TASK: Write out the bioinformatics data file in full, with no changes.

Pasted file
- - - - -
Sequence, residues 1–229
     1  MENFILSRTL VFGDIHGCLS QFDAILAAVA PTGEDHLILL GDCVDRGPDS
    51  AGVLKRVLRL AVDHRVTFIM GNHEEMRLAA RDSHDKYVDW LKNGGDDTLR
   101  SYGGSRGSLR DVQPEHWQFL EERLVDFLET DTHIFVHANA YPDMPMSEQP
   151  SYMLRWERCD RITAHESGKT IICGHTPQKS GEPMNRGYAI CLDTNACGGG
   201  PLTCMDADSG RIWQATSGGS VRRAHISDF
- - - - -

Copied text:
Sequence, residues 1–229
     1  MENFILSRTL VFGDIHGCLS QFDAILAAVA PTGEDHLILL GDCVDRGPDS
    51  AGVLKRVLRL AVDHRVTFIM GNHEEMRLAA RDSHDKYVDW LKNGGDDTLR
   101  SYGGSRGSLR DVQPEHWQFL EERLVDFLET DTHIFVHANA YPDMPMSEQP
   151  SYMLRWERCD RITAHESGKT IICGHTPQKS GEPMNRGYAI CLDTNACGGG
   201  PLTCMDADSG RIWQATSGGS VRRAHISDF